An early low-budget film from renowned avant-garde filmmaker [Ulrike] Ottinger, who actually took all crew positions while shooting in order to bring her outlandish vision to light. Madame X subverts traditional modes of narrative cinema creating a challenging and allegorical tale of female empowerment.

To Each Her Own by Heather Tobin

To Each Her Own

Directed by: Heather Tobin. Cast: Hannah Hogan, Tracy Rae, Shaughnessy Redden: Country: Canada. Year: 2008. Running time: 109min.

This assured debut by talented all-rounder Heather Tobin (she scripted, produced, shot and edited the film) is the coming out tale of young married Jess and the emotional rollercoaster she finds herself on when she meets and instantly falls for out and proud lesbian Casey. Growing up with a mother that believes homosexuality is a sin it's no wonder Jess buried her true feelings and married her high school sweetheart fresh after graduation. Yet she's unable to keep away from the charming Casey and the two young women embark on an affair, discovering what it means to truly love someone. But will love be enough for Jess to tell the truth and come out? An award-winning film at numerous festivals this low-budget gem marks Tobin out as a director to watch. Emma Smart

Alex Loynaz in Pedro

Pedro

Directed by: Nick Oceano. Cast: Alex Loynaz, Justina Machado, Hale Appleman: Country: USA. Year: 2008. Running time: 93min.

A biopic celebrating a remarkable individual. Pedro Zamora was in MTV's Real World show in 1994 as an HIV positive person. He had been born in Cuba and then moved to Miami in the Marielitas exodus in 1980. Diagnosed with HIV as early as seventeen he became a peer educator speaking in schools about prevention. He died aged just 22 before the Real World's final transmission but he had been able to carry out his dream of getting his message across to as many people as possible. Producers including Wash West and Richard Glatzer (The Fluffer, Echo Park, LA), scriptwriter Dustin Lance Black (Milk) and first time director Nick Oceano have combined their talents to make this a very special film. Acting honours to Alex Loynaz as Pedro and his sister Mily played by Justina Machado who you may recognize from Six Feet Under. Bring a hanky. Brian Robinson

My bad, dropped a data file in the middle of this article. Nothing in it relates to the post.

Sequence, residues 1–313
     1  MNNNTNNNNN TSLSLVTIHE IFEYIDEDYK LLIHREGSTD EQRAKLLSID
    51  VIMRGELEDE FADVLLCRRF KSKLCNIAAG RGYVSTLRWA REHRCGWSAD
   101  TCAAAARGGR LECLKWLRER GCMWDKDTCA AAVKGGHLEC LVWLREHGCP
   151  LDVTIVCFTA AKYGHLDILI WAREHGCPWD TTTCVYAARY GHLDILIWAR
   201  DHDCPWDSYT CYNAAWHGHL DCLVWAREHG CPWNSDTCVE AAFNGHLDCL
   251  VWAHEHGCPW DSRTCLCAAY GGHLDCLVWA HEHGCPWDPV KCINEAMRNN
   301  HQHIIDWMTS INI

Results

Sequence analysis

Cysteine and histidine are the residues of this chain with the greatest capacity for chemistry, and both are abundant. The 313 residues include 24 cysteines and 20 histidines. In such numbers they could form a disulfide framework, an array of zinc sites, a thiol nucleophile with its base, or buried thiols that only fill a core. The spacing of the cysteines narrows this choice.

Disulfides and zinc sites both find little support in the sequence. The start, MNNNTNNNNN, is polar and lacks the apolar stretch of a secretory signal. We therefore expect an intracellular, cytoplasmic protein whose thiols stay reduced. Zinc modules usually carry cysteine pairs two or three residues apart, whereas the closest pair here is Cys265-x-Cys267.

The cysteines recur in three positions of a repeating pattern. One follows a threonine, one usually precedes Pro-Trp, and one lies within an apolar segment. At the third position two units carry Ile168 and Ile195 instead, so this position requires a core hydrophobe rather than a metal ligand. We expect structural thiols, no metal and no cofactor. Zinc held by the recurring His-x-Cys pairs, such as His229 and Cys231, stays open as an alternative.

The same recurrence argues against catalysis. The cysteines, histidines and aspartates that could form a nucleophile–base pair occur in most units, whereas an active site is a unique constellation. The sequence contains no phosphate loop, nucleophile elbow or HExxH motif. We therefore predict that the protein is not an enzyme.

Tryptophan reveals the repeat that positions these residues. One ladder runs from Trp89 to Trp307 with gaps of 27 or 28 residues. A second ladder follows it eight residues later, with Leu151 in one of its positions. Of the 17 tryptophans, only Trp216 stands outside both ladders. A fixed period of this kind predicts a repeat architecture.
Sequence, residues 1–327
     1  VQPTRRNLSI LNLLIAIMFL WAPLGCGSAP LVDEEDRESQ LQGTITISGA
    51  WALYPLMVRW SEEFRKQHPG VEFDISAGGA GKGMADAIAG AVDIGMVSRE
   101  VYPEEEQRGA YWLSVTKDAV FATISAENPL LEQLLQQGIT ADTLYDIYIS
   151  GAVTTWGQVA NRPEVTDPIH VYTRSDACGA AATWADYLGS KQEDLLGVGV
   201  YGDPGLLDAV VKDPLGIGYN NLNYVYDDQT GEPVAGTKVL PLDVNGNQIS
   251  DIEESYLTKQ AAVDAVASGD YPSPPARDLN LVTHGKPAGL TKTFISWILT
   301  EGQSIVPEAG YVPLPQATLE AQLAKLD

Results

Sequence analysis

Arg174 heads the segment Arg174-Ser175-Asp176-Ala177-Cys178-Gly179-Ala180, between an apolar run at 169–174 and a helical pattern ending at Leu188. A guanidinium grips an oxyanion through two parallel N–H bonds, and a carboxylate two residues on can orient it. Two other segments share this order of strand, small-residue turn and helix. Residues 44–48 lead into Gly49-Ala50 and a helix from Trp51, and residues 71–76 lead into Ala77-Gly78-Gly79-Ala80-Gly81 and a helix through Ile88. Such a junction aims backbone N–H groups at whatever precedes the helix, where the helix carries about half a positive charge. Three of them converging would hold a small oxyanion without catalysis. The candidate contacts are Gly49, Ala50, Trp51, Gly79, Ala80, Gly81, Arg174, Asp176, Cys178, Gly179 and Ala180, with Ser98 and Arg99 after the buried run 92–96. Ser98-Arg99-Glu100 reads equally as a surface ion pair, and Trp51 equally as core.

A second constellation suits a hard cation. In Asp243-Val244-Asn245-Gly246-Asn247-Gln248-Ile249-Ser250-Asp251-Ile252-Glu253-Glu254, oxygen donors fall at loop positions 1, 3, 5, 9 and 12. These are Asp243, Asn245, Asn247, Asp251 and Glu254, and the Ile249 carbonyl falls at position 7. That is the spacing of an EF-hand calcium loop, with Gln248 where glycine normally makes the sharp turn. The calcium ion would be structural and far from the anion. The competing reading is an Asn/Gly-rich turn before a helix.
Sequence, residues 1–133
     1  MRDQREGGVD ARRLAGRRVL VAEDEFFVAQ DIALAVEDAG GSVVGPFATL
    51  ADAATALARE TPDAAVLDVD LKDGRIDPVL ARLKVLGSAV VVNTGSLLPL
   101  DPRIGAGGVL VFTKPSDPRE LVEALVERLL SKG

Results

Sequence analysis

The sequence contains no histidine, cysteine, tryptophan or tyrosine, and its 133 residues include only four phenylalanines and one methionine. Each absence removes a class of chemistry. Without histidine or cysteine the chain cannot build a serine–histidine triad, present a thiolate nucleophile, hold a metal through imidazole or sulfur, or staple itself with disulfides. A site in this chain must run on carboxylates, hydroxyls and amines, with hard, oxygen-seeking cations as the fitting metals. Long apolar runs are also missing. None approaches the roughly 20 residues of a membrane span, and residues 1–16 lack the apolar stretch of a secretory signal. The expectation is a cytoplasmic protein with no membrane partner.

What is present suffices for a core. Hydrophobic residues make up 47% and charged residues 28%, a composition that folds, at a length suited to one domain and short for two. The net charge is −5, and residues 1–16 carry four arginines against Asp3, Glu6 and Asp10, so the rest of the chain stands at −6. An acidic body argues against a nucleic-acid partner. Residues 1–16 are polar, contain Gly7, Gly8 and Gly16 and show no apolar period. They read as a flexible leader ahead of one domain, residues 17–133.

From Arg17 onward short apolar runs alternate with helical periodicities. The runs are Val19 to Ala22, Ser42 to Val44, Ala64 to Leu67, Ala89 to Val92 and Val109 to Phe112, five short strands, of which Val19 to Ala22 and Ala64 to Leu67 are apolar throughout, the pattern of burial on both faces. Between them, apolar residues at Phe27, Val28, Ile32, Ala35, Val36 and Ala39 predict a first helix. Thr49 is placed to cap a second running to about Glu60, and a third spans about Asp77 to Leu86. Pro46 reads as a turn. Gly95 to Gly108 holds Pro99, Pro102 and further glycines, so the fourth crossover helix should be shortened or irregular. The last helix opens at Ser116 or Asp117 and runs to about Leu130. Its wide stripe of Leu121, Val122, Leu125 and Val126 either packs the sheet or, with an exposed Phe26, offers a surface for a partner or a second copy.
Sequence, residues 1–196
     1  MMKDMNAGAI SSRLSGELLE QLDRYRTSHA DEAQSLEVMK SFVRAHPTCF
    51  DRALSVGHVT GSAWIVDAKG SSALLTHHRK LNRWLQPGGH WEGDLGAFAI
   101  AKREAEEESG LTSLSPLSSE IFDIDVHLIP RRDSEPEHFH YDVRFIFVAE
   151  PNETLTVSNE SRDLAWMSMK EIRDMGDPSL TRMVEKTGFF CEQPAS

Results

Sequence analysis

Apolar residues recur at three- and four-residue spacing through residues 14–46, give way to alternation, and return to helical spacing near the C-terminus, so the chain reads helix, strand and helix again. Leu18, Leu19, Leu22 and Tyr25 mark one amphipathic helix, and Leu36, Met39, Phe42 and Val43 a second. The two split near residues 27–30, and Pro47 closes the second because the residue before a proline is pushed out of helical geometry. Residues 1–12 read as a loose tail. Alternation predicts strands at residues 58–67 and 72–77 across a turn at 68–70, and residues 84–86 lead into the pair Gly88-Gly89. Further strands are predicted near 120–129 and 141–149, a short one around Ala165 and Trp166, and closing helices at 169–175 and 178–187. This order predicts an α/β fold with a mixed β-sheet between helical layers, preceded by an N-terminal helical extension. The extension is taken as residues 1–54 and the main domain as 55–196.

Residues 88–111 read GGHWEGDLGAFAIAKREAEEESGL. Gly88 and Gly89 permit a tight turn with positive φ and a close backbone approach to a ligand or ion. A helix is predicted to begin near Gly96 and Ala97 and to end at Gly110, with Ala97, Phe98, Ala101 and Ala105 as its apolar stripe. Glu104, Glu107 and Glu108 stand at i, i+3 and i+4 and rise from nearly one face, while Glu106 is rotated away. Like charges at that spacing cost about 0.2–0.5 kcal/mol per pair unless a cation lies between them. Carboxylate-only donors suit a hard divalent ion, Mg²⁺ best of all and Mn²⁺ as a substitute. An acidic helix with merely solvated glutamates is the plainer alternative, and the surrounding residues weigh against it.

Stonewall by Nigel Finch

Stonewall

Directed by: Nigel Finch. Cast: Guillermo Diaz, Fred Weller, Brendan Corbalis: Country: UK. Year: 1995. Running time: 93min.

A spirited recreation of the lives of some of the people who hung out at the Stonewall Inn seen through the recollections of La Miranda/Hector, a fierce and fabulous drag queen who falls in love with Matty Dean, a bright young man she meets in the bar. The action leads up to the fateful night of 27th June 1969. A mood of defiance is in the air as the police make what seems like a routine raid on an illegal gay bar. Personal tensions of the bar patrons combine with police brutality to create an eruption of popular protest which becomes one of the defining moments of the modern gay liberation movement. Not every historical detail is correct but it feels emotionally true and quite powerful. Director Nigel Finch died from Aids shortly after completing the film.